As of January 1, many Americans can qualify for a tax credit of up to $7,500 for buying an electric vehicle. The credit is one of the changes enacted under last year’s Inflation Reduction Act. The purpose is to encourage EV sales and thereby reduce greenhouse gas emissions and air pollution.
There has been a tax credit for EVs for more than a decade, but its provisions made cars from any manufacturer ineligible as soon as that manufacturer had sold more than 200,000 cars. Notably, this eliminated the credit for purchasing cars from Tesla and General Motors. Given that electric cars are now selling in the millions, the 200,000-unit cap on the tax credit essentially made it useless as a real force to grow the industry.
The new tax credit has a somewhat complex set of requirements for determining the applicability and amount of the credit. There are price limits on eligible vehicles depending on vehicle type and there are requirements on where vehicles are manufactured, where batteries are manufactured, and where other components are made. The intent is to encourage American manufacturing of the cars and trucks to the greatest extent. There are also income limitations on buyers who want to take advantage of the credit, but those are quite large. The Department of the Treasury has online detailed information about the requirements for the credit and, of course, EV manufacturers can provide the specifics for their own vehicles.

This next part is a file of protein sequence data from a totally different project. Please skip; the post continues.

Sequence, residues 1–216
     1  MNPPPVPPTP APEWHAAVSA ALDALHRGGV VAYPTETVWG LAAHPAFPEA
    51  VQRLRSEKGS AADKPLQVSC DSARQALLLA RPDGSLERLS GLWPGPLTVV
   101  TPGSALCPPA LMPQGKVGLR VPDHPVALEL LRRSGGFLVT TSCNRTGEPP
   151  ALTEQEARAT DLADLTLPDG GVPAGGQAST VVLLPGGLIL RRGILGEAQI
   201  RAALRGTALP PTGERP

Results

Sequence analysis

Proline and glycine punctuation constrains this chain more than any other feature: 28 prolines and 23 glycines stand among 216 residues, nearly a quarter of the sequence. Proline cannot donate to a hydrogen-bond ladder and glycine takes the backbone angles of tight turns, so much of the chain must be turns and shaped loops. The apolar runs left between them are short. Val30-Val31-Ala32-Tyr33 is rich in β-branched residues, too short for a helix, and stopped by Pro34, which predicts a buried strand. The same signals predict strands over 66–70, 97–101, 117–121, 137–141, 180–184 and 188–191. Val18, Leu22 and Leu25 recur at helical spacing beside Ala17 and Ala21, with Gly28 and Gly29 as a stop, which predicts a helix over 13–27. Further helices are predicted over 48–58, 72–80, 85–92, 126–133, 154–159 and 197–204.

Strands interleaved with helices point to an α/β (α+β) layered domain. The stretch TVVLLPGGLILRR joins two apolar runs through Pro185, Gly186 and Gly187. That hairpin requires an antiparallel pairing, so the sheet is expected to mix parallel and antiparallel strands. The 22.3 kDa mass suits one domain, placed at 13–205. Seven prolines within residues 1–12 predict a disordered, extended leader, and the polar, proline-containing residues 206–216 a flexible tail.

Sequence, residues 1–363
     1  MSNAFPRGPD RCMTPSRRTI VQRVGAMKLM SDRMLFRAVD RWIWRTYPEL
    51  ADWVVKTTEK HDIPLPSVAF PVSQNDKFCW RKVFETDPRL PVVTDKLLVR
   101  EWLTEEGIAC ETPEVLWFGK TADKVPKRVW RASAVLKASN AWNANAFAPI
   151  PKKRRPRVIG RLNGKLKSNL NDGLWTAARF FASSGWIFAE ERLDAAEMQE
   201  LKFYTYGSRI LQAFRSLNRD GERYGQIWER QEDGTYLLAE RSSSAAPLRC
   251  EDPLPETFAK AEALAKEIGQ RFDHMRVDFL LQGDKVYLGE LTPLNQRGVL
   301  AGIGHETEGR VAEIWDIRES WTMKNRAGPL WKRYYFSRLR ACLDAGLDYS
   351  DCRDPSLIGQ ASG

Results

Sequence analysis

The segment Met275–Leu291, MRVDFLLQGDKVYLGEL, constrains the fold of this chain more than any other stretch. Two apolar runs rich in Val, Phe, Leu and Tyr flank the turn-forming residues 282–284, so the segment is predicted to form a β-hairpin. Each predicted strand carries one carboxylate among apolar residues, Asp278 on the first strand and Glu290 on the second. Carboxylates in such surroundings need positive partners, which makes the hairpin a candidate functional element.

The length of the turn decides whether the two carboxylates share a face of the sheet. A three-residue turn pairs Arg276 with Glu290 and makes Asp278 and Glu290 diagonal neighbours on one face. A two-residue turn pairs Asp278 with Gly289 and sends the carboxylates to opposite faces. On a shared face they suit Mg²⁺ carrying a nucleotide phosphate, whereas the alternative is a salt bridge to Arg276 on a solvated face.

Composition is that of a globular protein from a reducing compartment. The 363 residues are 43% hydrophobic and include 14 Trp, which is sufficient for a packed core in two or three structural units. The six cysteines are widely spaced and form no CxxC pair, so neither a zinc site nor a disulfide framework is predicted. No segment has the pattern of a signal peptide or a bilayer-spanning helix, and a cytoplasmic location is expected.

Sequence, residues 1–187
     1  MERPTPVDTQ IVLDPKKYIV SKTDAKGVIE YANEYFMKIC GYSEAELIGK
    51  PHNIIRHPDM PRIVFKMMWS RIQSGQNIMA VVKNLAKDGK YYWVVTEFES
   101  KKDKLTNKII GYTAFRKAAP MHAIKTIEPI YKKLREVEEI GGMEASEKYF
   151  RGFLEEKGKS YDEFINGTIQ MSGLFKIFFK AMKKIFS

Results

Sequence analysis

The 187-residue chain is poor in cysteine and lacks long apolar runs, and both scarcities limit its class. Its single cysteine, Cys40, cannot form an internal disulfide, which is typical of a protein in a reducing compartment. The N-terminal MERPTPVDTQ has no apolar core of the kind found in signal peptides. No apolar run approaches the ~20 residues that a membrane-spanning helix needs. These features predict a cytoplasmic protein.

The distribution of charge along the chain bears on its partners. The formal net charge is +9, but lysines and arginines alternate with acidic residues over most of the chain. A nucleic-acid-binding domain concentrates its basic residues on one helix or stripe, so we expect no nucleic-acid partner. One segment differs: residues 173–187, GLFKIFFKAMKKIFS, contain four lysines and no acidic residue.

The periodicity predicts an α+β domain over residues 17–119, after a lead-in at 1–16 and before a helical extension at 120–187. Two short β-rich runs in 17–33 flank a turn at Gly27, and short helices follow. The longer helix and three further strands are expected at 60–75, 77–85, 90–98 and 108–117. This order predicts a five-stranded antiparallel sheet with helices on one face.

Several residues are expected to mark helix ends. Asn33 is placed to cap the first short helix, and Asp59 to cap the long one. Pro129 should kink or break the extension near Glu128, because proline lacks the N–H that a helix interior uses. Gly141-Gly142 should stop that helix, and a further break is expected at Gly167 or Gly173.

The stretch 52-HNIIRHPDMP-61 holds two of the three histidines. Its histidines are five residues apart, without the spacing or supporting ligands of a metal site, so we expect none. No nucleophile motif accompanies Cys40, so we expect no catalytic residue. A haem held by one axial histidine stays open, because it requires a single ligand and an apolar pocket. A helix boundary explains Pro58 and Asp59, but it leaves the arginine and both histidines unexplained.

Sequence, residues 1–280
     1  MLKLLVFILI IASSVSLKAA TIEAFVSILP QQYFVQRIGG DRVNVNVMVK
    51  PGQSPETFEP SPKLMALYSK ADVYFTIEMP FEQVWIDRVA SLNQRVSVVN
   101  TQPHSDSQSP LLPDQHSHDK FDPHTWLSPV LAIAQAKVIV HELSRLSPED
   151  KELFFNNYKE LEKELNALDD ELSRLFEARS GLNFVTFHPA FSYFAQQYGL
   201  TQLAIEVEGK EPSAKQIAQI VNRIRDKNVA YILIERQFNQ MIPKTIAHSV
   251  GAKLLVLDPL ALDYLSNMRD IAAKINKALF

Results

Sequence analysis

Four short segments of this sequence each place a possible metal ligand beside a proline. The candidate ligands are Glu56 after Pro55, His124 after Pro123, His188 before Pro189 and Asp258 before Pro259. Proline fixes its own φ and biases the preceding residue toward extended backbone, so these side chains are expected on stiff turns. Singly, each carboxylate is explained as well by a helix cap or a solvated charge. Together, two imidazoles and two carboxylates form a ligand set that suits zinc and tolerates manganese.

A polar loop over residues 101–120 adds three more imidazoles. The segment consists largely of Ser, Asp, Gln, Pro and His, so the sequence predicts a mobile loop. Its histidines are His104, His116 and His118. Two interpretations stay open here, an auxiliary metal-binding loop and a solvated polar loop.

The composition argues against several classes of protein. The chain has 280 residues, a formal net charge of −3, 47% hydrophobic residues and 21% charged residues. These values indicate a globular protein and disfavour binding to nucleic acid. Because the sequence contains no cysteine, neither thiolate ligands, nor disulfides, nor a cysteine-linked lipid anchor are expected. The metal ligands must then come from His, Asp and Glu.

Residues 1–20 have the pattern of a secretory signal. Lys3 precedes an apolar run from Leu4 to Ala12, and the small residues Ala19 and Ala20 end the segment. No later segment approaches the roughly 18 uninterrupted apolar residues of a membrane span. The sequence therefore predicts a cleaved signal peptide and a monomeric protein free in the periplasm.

For their part, automakers are adjusting prices, building domestic manufacturing plants and battery factories, and otherwise trying to position themselves for their customers to take advantage of the credit.
The new law also provides a smaller tax credit for the purchase of used electric vehicles.
Electric vehicle tax credits explained: What’s new in 2023?
Treasury Releases Additional Information on Clean Vehicle Provisions of Inflation Reduction Act
Photo, posted December 9, 2022, courtesy of Choo Yut Shing via Flickr.
Earth Wise is a production of WAMC Northeast Public Radio